SAG strike seen as unlikely


That’s the view of Wachovia analyst Marci Ryvicker after talking with folks involved on all sides in Hollywood – but she doesn’t rule out a management lockout. If there is a work stoppage, Ryvicker sees movie making as being hardest hit, with television faring better.

The analyst cites a number of reasons why the Screen Actors Guild is unlikely to strike the Hollywood studios. The other unions already have deals, so SAG doesn’t have as much negotiating leverage. Some 44,000 SAG members are also AFTRA members and could, at least in theory, keep working under the AFTRA contract if SAG strikes. Also, there is dissention within SAG, so the 75% approval hurdle for a strike vote is pretty hard to clear.

While a flat-out strike is improbable, two scenarios are likely to occur should a new labor agreement not be reached by June 30th.  The first and most likely is a management lockout. This would have the same adverse impact as a strike given that production would halt. The second scenario is for SAG members to continue to work past June 30th without a contract. Although there is no formal work stoppage in this circumstance, uncertainty surrounding the actors’ fate would prevent companies from starting production.  Our contacts believe that negotiations between SAG and AMPTP [the negotiating group for the studios] will continue in earnest for the next month but that a contract is likely to be signed by the June 30th deadline.  In the meantime, there already seems to be a de facto lockout in the feature film industry as production has basically stopped,” Ryvicker told clients.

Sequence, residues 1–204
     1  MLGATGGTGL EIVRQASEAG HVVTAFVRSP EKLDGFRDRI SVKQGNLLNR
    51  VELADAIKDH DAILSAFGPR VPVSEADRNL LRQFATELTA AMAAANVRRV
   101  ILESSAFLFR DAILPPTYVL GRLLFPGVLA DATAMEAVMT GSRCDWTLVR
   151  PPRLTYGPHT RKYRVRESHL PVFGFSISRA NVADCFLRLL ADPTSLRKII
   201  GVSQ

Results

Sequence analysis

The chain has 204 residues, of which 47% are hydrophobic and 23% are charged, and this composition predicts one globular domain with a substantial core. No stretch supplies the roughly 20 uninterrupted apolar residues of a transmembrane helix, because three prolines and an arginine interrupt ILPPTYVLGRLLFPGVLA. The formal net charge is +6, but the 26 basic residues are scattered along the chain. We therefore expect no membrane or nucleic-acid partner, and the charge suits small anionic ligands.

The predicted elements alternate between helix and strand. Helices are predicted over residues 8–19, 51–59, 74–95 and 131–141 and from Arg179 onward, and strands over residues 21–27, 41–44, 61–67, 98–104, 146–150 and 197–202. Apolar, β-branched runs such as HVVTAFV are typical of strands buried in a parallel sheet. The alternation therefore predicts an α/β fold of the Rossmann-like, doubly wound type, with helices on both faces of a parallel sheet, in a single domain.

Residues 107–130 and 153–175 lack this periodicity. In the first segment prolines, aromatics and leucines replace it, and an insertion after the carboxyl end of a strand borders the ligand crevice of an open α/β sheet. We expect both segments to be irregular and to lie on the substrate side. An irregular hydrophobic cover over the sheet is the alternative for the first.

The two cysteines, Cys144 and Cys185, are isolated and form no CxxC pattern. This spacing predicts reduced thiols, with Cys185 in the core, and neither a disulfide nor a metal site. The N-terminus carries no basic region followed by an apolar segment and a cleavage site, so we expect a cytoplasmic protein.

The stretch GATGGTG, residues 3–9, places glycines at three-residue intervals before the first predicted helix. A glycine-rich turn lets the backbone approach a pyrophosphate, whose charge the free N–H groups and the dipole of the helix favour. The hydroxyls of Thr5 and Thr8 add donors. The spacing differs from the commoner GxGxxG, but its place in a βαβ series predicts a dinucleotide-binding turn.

If there is a work stoppage, she says the movie studios will be hardest hit, since SAG has exclusive jurisdiction over actors there. Meanwhile, the networks have accelerated shooting schedules for the coming season and July and August are usually spent developing new scripts for television, not shooting episodes, Ryvicker noted.

Just as with the Writers Guild of America, the biggest negotiating battle focuses on new media use of TV/movie content.

“The most contentious issue between SAG and AMPTP is actors’ consent for reuse of movies and television shows in new media, esp. internet clips. Studios feel it is too burdensome to obtain the consent for every reuse and that such a requirement hampers the rollout of new media initiatives. SAG believes that it is the actors’ right to maintain full control of their image and/or voice in new media just as it is in traditional media. Other items on SAG’s agenda include increased DVD residuals, increased comp. for middle class actors and comp. for product integration,” Ryvicker said.

RBR/TVBR observation: Once again, Internet content is the big stumbling block. That led WGA to the long strike that cost writers far more than they gained from the final contract terms. Let’s hope the parties are more reasonable in the current negotiations.